By: Sigurd Larsen, Simon Jendreizig, Vanessa Panagiotopoulou, Marlene Kjeldsen, Guillermo Fernandez Villar & Pedro Campos Altozano
Berlin is expecting a population of four million people in 2030. That means 500.000 more citizens in 14 years! Before World War II, Berlin had five million citizens and as a result, the infrastructure such as sewers and metro is already prepared for the growth. Apartments is what the city is lacking.
The postwar reconstruction of Berlin was a lot less dense than the pre-war urban tissue. The contrast between the architectural scales of the different areas and neighborhoods creates the unique character of the city. So how to work with, rather than against the aesthetics of the areas with large-scale concrete blocks?
Located between the attractive neighborhoods of Kreuzberg and Mitte, a massive 270 meters long uninterrupted concrete block was built along Heinrich-Heine-Straße in what today appears as a gap in the city.
Imagine you have lived in a house for many years and suddenly a construction site starts over your roof. After completion, a new segment of people move in and change the demography of your community at a rapid pace. This project aims to make sure the inhabitants of the existing building also benefit from the extension and share facilities with the newcomers.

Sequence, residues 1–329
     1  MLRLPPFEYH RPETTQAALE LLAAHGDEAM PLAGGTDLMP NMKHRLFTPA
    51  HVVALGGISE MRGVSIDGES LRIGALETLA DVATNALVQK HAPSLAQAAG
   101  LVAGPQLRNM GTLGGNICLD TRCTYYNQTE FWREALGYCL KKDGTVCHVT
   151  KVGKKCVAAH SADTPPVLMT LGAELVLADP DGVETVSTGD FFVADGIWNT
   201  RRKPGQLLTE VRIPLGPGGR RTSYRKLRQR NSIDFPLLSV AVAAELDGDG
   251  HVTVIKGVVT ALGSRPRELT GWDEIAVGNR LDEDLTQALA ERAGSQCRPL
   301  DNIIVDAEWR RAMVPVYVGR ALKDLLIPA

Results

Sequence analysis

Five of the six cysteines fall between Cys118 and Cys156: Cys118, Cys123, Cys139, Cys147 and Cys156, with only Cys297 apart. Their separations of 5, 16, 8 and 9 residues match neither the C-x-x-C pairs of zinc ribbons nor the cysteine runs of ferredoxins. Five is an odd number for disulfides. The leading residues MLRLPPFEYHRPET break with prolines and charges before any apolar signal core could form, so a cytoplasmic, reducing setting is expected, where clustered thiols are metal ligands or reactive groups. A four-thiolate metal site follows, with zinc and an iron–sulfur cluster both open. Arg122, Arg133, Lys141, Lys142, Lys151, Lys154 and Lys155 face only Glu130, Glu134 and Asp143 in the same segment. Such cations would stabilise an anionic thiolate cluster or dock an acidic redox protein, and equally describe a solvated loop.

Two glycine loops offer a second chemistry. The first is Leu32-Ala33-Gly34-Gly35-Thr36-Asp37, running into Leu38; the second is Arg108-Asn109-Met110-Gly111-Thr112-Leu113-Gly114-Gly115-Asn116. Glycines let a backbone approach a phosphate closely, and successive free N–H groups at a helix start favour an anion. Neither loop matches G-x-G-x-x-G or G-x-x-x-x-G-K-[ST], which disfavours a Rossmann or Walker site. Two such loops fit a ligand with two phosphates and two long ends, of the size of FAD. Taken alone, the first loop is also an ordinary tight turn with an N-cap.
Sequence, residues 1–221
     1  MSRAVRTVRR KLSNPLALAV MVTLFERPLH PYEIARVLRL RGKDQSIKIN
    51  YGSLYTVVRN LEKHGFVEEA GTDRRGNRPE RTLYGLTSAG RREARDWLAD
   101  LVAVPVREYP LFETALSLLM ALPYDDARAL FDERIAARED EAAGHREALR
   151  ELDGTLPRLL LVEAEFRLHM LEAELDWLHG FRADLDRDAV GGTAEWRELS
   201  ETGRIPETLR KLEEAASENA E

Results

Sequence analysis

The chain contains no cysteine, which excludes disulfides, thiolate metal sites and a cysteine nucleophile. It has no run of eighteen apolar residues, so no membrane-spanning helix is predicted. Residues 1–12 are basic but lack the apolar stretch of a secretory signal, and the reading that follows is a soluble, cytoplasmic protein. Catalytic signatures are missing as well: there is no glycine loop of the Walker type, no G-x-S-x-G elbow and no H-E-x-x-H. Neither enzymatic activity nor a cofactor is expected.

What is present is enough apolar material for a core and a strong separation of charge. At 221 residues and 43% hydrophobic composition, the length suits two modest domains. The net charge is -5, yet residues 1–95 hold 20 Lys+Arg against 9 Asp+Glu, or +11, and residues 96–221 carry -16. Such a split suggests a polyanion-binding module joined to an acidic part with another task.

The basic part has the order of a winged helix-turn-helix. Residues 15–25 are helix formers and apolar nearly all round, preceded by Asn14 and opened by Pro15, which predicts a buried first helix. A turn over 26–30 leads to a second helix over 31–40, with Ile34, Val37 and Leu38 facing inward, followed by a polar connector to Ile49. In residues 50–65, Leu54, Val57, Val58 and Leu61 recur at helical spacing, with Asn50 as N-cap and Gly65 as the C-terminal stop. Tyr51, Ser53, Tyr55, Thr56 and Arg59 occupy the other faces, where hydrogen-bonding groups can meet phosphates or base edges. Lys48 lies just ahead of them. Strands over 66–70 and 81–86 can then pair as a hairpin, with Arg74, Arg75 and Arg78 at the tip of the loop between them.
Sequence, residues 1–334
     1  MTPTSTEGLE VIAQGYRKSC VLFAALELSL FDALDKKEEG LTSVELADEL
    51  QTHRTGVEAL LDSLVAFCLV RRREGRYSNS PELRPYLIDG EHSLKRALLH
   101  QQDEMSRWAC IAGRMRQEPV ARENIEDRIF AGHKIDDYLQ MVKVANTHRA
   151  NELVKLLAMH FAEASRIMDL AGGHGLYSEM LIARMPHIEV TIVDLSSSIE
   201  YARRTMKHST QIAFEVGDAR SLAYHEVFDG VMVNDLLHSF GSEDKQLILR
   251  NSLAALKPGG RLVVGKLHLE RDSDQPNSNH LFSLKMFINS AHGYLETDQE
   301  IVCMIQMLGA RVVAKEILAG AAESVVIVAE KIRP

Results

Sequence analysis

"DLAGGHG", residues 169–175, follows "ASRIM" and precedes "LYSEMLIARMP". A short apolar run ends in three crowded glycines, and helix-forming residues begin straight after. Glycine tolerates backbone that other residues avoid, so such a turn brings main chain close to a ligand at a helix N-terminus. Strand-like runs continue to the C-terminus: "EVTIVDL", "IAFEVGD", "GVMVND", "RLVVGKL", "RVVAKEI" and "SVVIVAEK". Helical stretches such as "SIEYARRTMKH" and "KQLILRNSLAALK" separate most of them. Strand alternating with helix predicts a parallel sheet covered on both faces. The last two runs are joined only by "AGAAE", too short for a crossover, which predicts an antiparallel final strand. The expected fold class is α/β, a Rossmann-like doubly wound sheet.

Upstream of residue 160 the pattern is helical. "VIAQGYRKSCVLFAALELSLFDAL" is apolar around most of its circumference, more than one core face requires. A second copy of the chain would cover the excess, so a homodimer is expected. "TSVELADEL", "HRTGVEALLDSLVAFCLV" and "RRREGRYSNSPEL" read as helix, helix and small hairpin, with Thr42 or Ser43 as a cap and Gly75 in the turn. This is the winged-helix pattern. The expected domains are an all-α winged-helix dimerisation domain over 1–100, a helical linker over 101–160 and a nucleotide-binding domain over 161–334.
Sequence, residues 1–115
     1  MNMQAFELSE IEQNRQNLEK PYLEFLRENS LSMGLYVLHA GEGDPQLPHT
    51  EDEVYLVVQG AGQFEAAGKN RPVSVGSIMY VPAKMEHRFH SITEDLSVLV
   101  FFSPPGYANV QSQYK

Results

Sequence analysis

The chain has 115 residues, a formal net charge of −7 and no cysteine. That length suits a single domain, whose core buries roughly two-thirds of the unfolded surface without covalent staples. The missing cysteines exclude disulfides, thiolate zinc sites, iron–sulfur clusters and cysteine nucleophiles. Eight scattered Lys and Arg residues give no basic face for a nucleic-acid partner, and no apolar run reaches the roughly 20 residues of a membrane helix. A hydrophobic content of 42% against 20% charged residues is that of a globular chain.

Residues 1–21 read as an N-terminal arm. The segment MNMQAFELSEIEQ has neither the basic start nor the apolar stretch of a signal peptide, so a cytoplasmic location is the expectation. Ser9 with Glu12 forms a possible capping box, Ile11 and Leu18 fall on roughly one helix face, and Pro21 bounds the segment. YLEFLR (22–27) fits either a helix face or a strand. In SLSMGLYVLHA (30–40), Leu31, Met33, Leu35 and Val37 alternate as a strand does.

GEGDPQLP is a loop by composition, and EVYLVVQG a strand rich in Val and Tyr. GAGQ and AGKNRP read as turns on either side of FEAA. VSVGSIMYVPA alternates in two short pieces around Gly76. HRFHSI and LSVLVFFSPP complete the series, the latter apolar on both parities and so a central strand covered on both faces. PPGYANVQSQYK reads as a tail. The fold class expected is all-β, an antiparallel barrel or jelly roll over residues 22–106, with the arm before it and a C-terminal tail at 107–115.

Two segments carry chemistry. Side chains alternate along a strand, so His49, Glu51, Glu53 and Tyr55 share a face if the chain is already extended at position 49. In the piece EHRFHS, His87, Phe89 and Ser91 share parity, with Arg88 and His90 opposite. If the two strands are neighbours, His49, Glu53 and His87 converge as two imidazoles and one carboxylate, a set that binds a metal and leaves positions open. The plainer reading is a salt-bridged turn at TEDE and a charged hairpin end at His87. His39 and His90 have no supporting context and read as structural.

Building upwards in layers
As a first layer, a long green park is established on the roof along the entire length of the building. The park offers a scenic walk with paths between little hills containing the roots of the trees. Every hallway is extended with a staircase and elevator so every neighbor gets access to the attractive outdoor facilities. The new dwellings are organized as a long stretched village underscoring the horizontality of the concrete block, fading into little forests and meadows framing the astonishing view. Everyone in the house gets access to the low horizon seen from above Berlins many trees.
Inside the new homes every piece of furniture can be orientated towards the big window, framing the Berlin skyline. Steps will let light and the view reach deep into the room.
The kitchen is the space with most social activity and less demand for privacy, and is therefore visually connected to the garden and the path between the houses. This will help to ensure a passive surveillance of outdoor spaces and contact between neighbors.
Modules enable adaptability
The new houses are based on a modular system. The basic module is suitable for singles and couples. A plug-in module with bedroom creates additional space for a child or for students to share a home. A third unit adds a bedroom more and upgrades the bathroom for larger families. In this way, a social mix is facilitated. The light construction made entirely in wood is also highlighted in the aesthetic of the inner spaces and creates a comfortable inner climate.